MacBook Air Hacked in 2 Minutes
So let me get this straight: The thinness of the MacBook Air now extends to its ability to keep out electronic attacks? This week, Apple's latest Macintosh notebook was the first to succumb to hackers in a widely publicized CanSecWest security conference's PWN 2 OWN hacking contest, getting hacked in a scant 2 minutes. The winning hacker, who utilized an unpublished "zero-day" vulnerability to break into the Mac, won the machine as a prize, plus $10,000. That's not too shabby. Maybe he should install Windows Vista on there now to make sure no one else breaks into it.

Are They Sirius? DOJ Approves Sirius, XM Merger
The US Department of Justice (DOJ) this week approved the $5 billion merger of the XM Radio and Sirius satellite radio networks, creating a de facto monopoly in a market that, quite frankly, hasn't really taken off anyway. To date, XM has attracted about 9 million subscribers, while Sirius has approximately 8 million. But both companies are mired in debt and have yet to turn a profit. The DOJ says it approved the merger because satellite radio does face competition from other sources, including so-called HD radio and even MP3 players like iPods. But it seems like the big issue is financial viability: The thinking is that satellite radio can only survive, financially, if the companies merge. I guess we'll soon find out.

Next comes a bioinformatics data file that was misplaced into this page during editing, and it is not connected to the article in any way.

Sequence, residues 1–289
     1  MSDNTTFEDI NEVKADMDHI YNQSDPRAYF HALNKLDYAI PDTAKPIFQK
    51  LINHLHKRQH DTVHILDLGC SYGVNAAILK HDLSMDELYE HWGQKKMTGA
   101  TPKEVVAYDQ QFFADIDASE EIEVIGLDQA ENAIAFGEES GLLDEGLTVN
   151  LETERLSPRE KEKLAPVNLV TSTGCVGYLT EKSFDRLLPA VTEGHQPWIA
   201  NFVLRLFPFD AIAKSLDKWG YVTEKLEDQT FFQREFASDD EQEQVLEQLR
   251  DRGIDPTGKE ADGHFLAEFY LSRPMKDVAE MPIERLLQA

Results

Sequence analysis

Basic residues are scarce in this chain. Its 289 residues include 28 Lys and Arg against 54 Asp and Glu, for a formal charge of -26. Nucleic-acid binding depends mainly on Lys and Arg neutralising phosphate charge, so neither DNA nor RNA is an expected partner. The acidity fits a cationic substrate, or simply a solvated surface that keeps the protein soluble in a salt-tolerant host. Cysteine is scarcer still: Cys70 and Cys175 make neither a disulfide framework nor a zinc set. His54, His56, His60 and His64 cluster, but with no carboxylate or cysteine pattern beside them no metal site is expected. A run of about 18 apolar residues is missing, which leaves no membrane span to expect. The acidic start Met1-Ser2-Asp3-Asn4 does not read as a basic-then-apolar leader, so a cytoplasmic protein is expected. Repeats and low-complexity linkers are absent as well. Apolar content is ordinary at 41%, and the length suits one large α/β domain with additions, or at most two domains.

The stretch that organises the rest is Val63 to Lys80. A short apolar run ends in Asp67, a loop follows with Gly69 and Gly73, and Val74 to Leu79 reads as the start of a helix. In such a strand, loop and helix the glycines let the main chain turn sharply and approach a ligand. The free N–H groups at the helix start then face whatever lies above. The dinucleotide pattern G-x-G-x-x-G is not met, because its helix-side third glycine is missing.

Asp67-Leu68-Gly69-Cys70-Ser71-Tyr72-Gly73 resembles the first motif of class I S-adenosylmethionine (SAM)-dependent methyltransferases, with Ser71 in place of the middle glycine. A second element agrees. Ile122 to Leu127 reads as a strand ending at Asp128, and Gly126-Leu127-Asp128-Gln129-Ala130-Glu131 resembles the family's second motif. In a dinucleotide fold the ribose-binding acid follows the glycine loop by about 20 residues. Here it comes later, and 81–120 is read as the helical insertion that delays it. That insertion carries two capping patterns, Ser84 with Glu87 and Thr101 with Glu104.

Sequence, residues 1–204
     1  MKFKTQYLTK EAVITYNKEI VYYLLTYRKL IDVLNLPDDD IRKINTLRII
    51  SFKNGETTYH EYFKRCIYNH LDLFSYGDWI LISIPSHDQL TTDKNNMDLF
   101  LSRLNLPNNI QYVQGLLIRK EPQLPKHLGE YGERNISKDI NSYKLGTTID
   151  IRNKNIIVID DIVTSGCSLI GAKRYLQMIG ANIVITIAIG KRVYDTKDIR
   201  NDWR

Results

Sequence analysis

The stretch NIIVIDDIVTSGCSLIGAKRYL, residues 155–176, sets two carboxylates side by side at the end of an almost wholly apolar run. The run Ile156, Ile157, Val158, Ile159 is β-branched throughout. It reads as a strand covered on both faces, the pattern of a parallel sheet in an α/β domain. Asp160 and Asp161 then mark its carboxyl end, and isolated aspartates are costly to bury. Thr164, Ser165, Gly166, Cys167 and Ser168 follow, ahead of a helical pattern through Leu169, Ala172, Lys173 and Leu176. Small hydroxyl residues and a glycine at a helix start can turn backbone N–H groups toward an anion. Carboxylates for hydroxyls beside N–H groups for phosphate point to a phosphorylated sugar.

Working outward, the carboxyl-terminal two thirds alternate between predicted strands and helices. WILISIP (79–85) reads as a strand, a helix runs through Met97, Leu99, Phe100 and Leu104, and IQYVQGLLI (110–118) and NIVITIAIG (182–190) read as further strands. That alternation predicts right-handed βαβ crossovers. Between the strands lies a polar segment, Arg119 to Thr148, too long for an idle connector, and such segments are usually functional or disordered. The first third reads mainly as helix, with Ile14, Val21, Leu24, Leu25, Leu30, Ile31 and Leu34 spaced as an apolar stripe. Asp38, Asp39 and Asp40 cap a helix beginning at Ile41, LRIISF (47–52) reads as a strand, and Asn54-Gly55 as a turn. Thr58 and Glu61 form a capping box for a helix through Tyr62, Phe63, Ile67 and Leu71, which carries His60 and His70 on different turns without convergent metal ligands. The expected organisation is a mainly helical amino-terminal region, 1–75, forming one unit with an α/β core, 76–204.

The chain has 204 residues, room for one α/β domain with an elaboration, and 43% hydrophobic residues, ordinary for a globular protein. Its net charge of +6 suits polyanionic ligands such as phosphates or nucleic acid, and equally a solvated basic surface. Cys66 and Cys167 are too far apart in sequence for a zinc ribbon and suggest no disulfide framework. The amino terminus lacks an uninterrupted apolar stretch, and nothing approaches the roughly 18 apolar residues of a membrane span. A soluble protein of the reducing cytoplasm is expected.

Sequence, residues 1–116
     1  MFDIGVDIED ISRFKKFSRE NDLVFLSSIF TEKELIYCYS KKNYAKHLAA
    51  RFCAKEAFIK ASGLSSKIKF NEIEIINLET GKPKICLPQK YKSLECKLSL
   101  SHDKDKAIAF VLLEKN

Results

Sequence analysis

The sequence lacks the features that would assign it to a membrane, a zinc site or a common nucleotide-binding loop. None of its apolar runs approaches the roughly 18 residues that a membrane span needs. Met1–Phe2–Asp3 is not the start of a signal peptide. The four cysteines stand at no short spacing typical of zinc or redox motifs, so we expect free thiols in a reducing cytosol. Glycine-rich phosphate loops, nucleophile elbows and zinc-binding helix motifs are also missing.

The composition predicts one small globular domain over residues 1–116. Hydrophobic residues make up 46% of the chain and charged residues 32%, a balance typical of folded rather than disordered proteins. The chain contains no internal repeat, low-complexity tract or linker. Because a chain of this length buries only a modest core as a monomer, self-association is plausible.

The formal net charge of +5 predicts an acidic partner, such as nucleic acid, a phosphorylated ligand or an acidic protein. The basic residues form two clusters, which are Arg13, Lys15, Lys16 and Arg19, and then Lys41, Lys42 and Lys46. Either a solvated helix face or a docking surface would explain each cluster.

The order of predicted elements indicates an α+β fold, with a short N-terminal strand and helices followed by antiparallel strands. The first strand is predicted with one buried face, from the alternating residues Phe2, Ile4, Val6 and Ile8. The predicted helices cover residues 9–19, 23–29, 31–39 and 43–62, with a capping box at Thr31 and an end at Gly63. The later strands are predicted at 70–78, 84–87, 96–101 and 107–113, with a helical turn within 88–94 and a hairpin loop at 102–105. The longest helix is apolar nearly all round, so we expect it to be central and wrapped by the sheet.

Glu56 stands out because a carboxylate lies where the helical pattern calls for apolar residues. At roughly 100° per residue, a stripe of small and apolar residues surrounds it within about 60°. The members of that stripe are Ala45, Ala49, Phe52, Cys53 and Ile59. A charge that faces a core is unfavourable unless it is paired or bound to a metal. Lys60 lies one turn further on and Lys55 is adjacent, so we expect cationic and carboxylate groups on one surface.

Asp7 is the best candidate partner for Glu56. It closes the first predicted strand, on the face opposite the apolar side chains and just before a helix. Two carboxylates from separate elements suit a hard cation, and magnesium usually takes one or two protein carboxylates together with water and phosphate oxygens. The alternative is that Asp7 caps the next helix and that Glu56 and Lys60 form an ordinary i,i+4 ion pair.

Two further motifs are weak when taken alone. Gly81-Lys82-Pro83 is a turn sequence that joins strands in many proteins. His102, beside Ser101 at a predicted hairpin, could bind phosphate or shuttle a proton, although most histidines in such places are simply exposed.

Google's Ad Clicks are Falling ... But Why?
And finally, online juggernaught Google is experiencing an unexpected slowdown in search ad clicks, the source of 99 percent of its revenues. According to analysts at comScore, Google's paid ad clicks have fallen for two months straight. But no one seems to know why. This much is clear: Google's once-stellar stock has taken a huge hit, falling 40 percent since November from $747 to a still-insane $444 this week. Many have speculated that the economic downturn/recession is to blame. But long-time WinInfo readers will understand why I point the finger of blame firmly in the direction of, yes, you guessed it, Frank Stallone.